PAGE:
Forestville student kicked off golf team pleads for leniency

OBSERVER Photo by Damian Sebouhian Forestville golf coach Jack Dugan Jr. addresses the school board in support of high school student Lewis Markham who was removed from the golf team for admitting to drinking a sip of beer while on a school trip in Nicaragua/Costa Rica.

FORESTVILLE — Honor student and Forestville High School star basketball player and golfer Lewis Markham addressed the school board during last week’s meeting in an attempt to appeal a decision to remove him from the golf team because of an infraction he committed while on a recent school trip to Costa Rica.

The infraction? Markham admitted to a teacher/chaperone that he had taken a sip of beer while visiting a Wi-Fi zone near the hotel. The Wi-Fi zone “was more of a hang-out place…with several picnic tables, a pool table and a pavilion,” Markham said as he narrated the events leading up to his infraction and eventual punishment. “Two other students and I sat down at the pavilion.”

Markham told the board that he was there for one purpose, to use the Wi-Fi; he didn’t even have any money with him.

“One of the other students next to me ordered a beer and began to drink it,” said Markham. “They passed it back and forth, but I was not involved until one of the people handed me the beer. This is where I made my mistake and took one sip of that beer and handed it back to the same person. Afterwards, the two people ordered another beer, but I did not have anymore and went back to my room for the night. The next night our teacher/chaperone had a talk with us in her room, explaining that an individual informed her that there might have been drinking at the Wi-Fi area the previous night. After the talk was over, I went back into my teacher’s room and told her what happened. I owned up to my mistake and was honest with her.”

The school took action on April 10 after interviewing the students involved.

“I received five days OSS (out of school suspension), which fits the infraction since I signed a paper stating I would not drink alcohol on the trip to Costa Rica,” Markham admitted. “I was removed from my golf team for my one sip of beer. I did not go to the Wi-Fi spot with the intent to drink beer, nor did I buy the beer or pay for the beer. I understand that I had made a mistake, and I was honest and owned up to it.”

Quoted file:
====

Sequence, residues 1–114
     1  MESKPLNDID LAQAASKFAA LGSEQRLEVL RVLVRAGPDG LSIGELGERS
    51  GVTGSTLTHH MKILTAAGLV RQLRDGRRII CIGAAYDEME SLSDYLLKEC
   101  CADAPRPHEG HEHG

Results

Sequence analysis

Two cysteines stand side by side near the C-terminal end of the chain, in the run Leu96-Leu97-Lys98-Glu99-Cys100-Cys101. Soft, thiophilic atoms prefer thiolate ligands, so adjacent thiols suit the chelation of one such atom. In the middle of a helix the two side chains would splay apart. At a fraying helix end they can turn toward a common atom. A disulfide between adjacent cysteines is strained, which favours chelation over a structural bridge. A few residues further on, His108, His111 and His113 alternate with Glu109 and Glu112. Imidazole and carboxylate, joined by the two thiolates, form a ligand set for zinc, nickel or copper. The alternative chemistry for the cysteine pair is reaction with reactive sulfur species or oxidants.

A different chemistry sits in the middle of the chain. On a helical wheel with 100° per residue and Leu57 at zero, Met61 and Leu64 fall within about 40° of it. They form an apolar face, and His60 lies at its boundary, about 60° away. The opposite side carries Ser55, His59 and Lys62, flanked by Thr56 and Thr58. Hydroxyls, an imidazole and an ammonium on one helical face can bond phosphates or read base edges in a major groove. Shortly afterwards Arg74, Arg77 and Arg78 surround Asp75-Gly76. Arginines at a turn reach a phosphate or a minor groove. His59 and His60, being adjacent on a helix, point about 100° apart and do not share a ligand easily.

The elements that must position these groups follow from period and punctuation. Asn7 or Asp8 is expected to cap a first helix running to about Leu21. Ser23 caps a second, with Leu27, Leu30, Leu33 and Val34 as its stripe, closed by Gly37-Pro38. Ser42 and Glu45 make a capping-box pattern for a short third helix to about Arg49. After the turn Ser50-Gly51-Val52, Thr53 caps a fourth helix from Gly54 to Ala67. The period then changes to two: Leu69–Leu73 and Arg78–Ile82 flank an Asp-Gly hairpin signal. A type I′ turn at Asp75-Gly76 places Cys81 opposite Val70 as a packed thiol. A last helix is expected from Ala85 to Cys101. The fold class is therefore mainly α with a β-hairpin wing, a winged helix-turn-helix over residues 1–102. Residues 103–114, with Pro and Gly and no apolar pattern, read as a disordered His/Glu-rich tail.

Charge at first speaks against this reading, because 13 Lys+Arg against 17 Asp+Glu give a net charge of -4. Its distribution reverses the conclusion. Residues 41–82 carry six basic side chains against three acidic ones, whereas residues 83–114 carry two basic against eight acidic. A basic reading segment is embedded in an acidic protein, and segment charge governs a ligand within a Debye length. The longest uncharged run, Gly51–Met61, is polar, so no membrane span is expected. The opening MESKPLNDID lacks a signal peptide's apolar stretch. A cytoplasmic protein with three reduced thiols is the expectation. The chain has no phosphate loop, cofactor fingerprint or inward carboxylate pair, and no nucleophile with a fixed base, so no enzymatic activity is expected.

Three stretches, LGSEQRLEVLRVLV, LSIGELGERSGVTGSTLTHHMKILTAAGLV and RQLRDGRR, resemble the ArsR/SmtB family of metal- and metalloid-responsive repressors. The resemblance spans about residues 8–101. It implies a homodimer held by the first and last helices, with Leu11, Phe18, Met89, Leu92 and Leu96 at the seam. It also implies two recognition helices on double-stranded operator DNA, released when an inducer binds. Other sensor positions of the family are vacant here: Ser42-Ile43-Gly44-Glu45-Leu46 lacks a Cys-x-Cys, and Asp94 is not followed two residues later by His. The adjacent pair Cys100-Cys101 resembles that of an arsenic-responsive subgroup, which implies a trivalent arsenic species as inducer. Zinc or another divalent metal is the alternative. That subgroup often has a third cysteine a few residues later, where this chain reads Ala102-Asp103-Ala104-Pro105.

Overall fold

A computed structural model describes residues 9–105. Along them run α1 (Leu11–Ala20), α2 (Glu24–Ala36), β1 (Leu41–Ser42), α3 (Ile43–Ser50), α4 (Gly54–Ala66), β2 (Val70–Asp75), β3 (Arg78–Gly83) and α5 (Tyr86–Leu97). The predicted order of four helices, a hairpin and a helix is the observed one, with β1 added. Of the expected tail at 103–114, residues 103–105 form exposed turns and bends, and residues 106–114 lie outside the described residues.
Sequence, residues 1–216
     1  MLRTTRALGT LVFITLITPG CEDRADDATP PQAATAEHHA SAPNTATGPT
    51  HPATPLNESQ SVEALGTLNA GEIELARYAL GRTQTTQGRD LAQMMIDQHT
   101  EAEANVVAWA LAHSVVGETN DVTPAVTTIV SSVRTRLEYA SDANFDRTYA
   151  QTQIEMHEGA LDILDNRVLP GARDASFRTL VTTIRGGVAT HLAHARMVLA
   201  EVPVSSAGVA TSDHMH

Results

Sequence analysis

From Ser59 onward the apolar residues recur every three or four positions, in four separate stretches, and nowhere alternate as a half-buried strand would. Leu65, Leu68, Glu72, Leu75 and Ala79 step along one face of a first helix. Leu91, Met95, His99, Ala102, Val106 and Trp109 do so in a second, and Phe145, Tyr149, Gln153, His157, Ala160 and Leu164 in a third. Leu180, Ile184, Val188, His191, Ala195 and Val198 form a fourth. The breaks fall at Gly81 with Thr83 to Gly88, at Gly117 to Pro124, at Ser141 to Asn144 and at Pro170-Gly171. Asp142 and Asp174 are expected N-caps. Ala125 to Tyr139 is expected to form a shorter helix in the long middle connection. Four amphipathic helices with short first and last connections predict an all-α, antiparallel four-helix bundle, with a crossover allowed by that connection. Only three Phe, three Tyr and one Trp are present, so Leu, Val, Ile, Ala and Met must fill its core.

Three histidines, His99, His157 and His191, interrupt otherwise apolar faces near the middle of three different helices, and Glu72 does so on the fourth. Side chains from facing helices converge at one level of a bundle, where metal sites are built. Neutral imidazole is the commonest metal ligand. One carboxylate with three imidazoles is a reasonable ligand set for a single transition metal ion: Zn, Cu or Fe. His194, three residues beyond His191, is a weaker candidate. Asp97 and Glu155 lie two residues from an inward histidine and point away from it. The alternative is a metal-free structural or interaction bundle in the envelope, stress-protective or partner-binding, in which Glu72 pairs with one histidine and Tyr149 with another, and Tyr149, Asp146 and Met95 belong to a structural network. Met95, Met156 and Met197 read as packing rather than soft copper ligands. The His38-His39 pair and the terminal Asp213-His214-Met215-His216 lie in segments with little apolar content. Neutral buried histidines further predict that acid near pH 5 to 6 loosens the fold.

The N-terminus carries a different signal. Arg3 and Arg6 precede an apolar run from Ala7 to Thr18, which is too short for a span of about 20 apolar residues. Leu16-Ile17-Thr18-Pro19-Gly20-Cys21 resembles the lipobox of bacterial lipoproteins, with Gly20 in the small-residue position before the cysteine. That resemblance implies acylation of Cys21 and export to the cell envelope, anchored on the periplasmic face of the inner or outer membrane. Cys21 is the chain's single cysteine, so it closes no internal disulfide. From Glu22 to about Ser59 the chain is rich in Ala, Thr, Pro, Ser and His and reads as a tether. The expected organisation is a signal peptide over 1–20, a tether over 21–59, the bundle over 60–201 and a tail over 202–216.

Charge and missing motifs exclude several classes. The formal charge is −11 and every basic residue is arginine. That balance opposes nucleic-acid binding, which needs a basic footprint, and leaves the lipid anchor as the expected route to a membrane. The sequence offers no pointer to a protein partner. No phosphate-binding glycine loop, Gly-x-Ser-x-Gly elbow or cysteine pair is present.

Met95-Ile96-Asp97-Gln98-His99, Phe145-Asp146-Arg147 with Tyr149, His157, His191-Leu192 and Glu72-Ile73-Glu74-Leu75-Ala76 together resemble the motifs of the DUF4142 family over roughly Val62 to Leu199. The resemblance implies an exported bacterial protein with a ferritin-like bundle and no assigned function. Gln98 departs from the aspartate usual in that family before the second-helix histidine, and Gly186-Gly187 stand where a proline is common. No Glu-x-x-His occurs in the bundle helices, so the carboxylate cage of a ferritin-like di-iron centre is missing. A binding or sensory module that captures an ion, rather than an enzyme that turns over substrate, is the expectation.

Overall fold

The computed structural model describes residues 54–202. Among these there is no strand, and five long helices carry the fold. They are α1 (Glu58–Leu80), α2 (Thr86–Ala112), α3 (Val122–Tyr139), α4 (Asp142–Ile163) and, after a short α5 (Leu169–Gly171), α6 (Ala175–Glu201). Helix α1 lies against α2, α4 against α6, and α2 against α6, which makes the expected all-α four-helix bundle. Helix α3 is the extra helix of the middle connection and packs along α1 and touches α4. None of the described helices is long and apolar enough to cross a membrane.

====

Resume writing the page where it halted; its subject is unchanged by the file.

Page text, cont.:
While Markham, and his golf coach Jack Dugan, Jr., agree that Markham broke the rules and should be held accountable for his actions, the severity of the punishment, they argued, does not match the crime.

“This is my first offense ever at Forestville,” said Markham. “I have never even been called down to the office. I have been a high honor roll, straight A student-athlete that has proudly represented our school in both basketball and golf. On Sunday, my name and picture will be appearing in the Buffalo paper as 2017-2018 ADPRO Sports/Section VI Scholar Athlete All-Western New York Boys Basketball Team.”

Coach Dugan told the board that Markham owned up to his mistake when he could have easily have lied and gotten away with it.

“He made the right choice (by admitting his mistake) because he knew it was the right choice,” Dugan said. “But he and all of us were floored by the extreme punishment. I don’t excuse (wrong actions committed) by athletes, but I do know that people have an opportunity in this world to redeem themselves and it seems like that wasn’t given to Lewis.”

Dugan challenged the board to revise the student and athlete handbook to include alternative consequences.

“I’m here to ask you to look at the athletic code and most importantly on behalf of Lewis, to say that this is a great kid and he’s got a broken heart right now,” Dugan said. “I hope you listen to what he has said.”

Markham suggested that Forestville adopt policies similar to Silver Creek School District, which “imposes a two-week suspension of sports,” for similar infractions.

“Forestville has a history of kicking students off the team for the season regardless of the circumstances, whether they have previously been in trouble or not, and disregarding the character of the student involved.

“I owned up for my mistake, I told the truth, and now I get severely punished because of that,” Markham told the board. “How is that fair to me as a student athlete at Forestville? Why couldn’t the school give me a three-match suspension? Why is it automatically that I get kicked off the team for making one mistake?”

The Forestville Board of Education is meeting today, and it is not known whether they will make a decision on the case.